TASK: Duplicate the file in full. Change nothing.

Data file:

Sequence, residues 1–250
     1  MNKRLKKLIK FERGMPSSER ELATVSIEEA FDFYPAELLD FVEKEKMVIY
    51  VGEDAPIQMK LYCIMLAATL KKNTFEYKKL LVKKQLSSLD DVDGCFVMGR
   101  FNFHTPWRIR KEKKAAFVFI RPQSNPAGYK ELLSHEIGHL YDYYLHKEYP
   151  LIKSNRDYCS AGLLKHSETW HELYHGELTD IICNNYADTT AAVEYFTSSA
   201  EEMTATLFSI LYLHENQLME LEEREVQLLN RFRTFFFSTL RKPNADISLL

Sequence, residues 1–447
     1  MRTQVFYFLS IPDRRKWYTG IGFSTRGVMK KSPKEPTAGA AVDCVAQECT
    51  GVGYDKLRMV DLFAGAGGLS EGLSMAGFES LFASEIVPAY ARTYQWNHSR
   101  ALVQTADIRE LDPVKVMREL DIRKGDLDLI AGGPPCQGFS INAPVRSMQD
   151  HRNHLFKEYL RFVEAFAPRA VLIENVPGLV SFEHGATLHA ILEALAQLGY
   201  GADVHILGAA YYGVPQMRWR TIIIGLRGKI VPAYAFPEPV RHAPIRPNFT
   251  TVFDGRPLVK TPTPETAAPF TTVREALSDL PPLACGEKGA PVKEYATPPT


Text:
Sequence, residues 1–250
     1  MNKRLKKLIK FERGMPSSER ELATVSIEEA FDFYPAELLD FVEKEKMVIY
    51  VGEDAPIQMK LYCIMLAATL KKNTFEYKKL LVKKQLSSLD DVDGCFVMGR
   101  FNFHTPWRIR KEKKAAFVFI RPQSNPAGYK ELLSHEIGHL YDYYLHKEYP
   151  LIKSNRDYCS AGLLKHSETW HELYHGELTD IICNNYADTT AAVEYFTSSA
   201  EEMTATLFSI LYLHENQLME LEEREVQLLN RFRTFFFSTL RKPNADISLL

Sequence, residues 1–447
     1  MRTQVFYFLS IPDRRKWYTG IGFSTRGVMK KSPKEPTAGA AVDCVAQECT
    51  GVGYDKLRMV DLFAGAGGLS EGLSMAGFES LFASEIVPAY ARTYQWNHSR
   101  ALVQTADIRE LDPVKVMREL DIRKGDLDLI AGGPPCQGFS INAPVRSMQD
   151  HRNHLFKEYL RFVEAFAPRA VLIENVPGLV SFEHGATLHA ILEALAQLGY
   201  GADVHILGAA YYGVPQMRWR TIIIGLRGKI VPAYAFPEPV RHAPIRPNFT
   251  TVFDGRPLVK TPTPETAAPF TTVREALSDL PPLACGEKGA PVKEYATPPT